Friday, May 14, 1999
To the Editor:
I would like to voice my support of Charlie Parker for board of selectman. I have worked with Charlie for the last two years on the municipal land committee and have a great respect for the number of hours he volunteers trying to find solutions for the town's current/pending issues. In addition to chairing FinCom this year, he has sat in on many meetings of the Carlisle Land Trust to understand land purchasing issues, bond funding and possible sources of outside funding for our municipal land needs. He chaired the finance subcommittee on the municipal land committee, which was responsible for deciding the amount we would request for the municipal bond. He has also spent many hours researching low-income housing developments in surrounding towns to understand the options available.
Charlie Parker has a firm understanding of the issues that face our town in the future and has a deep respect for the citizens he represents. Working with Charlie on land issues, I have seen firsthand that he has the qualities needed to manage town business.
He is a good listener and a very approachable team player. Charlie's work for the town is heartfelt and sincere, as well as financially sound. I believe that Charlie Parker would be an excellent choice of selectman for our town, and hope you support him at the polls on Tuesday, May 18.
Carlisle Pines Drive
Town should weigh wants versus needs
To the Editor:
It is critical to the well-being of Carlisle's future that all voters carefully weigh the must-haves on our upcoming town vote with the nice-to-haves. I would like to repeat a point I heard at the Town Meeting that I believe was not spoken loudly enough.
Carlisle will be needing more school space in the next few years. Our present seventh and eighth grades are between 70 to 80 students. Both the third grade and the incoming kindergarten are about 100 students. You do the math on the present budget and don't forget the annual 3 to 4 percent increases in mandated costs and inflation issues. And, after the operating budget calculations, add in additional costs for long-term indebtedness for the classrooms (another building). These numbers will be hitting our budgets hard in a few years, making town budget easily double in a short time. A few new houses won't matter.
Fire, police, libraries and schools are must-haves in Carlisle. Think carefully about each expenditure and indebtedness. Long-term indebtedness with preconditions on use of the land diminish the value of that investment dramatically. Be careful about entering this deal. We have no exit once entered. Reserving for must-haves is a wise choice.
Support recreation in Carlisle
To the Editor:
I would like to thank the people of Carlisle for their support at Town Meeting, approving both the recreation director and the toddler playground. Your support keeps our recreation programs on firm ground, and also allows us to complete a wonderful new playground at Diment Park.
But we have one more hurdle. The town must vote at the May 18 election to fund these projects by voting yes on 1a. Of the level three questions, only the recreation director and the toddler playground were approved at Town Meeting. The other two items were not approved, so, of the $106,500 increase reflected in ballot item la over item 1b, only $35,000 will actually be funded. If you support our recreation director and toddler playground, please vote yes on la next Tuesday.
I also want to endorse Charlie Parker and John Ballantine for selectmen. In my experience, both these men have worked tirelessly for Carlisle, balancing the many issues facing us. I believe they will provide the strong leadership we need now, keeping Carlisle the kind of town we all treasure.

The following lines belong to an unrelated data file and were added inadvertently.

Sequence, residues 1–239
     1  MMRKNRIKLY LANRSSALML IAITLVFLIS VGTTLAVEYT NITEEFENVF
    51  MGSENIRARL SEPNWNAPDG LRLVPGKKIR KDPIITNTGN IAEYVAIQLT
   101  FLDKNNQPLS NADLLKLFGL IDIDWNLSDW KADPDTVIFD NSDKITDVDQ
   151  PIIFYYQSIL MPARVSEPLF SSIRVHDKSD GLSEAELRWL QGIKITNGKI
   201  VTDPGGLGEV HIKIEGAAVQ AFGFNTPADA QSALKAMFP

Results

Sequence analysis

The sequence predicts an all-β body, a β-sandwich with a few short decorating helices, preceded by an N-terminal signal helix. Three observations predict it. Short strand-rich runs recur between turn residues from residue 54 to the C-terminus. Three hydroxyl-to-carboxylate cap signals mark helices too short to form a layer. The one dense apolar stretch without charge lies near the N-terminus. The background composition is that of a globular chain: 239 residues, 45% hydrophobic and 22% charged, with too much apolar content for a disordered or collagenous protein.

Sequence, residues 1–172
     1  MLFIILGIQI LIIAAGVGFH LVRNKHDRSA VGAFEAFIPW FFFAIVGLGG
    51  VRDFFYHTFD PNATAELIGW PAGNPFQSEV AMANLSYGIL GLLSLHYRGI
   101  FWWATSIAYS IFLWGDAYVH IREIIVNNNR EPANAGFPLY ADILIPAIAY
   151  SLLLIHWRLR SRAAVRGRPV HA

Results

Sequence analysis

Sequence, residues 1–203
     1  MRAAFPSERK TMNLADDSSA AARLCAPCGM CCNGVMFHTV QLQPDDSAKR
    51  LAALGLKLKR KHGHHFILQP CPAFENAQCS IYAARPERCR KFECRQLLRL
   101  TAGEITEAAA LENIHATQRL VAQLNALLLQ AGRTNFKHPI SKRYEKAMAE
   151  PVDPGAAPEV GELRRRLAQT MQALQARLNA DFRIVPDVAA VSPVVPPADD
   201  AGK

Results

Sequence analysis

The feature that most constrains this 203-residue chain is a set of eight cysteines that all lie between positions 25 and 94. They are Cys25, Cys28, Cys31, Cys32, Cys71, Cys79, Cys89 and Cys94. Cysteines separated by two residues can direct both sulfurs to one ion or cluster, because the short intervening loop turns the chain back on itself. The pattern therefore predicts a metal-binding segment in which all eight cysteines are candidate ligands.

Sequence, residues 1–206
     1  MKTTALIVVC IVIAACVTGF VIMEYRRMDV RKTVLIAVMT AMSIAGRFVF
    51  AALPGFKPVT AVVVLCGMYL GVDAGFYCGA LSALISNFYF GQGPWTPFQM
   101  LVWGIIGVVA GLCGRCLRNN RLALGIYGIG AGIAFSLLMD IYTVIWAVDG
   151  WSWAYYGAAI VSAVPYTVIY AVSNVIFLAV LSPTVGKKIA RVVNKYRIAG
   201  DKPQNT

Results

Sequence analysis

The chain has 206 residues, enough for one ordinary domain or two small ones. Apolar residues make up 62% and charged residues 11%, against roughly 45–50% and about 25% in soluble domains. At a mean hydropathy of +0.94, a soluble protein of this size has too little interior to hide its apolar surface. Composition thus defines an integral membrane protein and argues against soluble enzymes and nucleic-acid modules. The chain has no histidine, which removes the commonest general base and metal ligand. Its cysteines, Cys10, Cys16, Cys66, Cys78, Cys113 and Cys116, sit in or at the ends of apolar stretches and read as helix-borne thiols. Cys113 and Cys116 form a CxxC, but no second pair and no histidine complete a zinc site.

chair, Recreation Commission
Plan for affordable housing now
To the Editor:
The question is not whether we want or are going to have affordable housing in Carlisle. The state of Massachusetts has already decided we will.
The question is who is going to be in the driver's seat regarding affordable housing decisions. Where will it be located, how concentrated will the housing be, what will it look like, who will control and regulate the housing, and other related decisions.
Our lack of a long-term plan and commitment to this issue will make it easier for developers to make those decisions for us. The state, not seeing a realistic commitment in this area, may allow developers to ignore our zoning requirements. Cramming as many houses as you can on a lot will affect how all others surrounding that lot view their town. The town has no power restricting how many lots in one area can succumb like this. We need the state's assistance in restricting this kind of growth until we do it on our own. What I heard at Town Meeting is that they are more likely to assist us if they feel we are truly committed to the idea of affordable housing. I believe it is in Carlisle's best interest to have a plan.
The lack of a plan for affordable housing does not help us to control growth in the town. Already, Mr. Costello's proposal for East Riding Drive and his investigation of two properties on South and Cross Streets put the town significantly on the way toward the need for a new school. This is not a deterrent for growth. All discussions about regulating growth are irrelevant without this loophole closed.
We need a plan for affordable housing. We need a long-term plan that clearly shows the state that we, as a town, are committed to this community responsibility. I believe it is in Carlisle's best interest to have a plan, and I hope that developers can be held at bay until we do.
Nancy C. Pirman-Weiss
School committee asks support for 1b and 1c
To the Editor:
I want to thank all those who attended Town Meeting for your continued support of education in Carlisle. I also want to remind all school supporters to vote in favor of at least the first two levels of override (1c and 1b on the ballot) on Tuesday at the town election.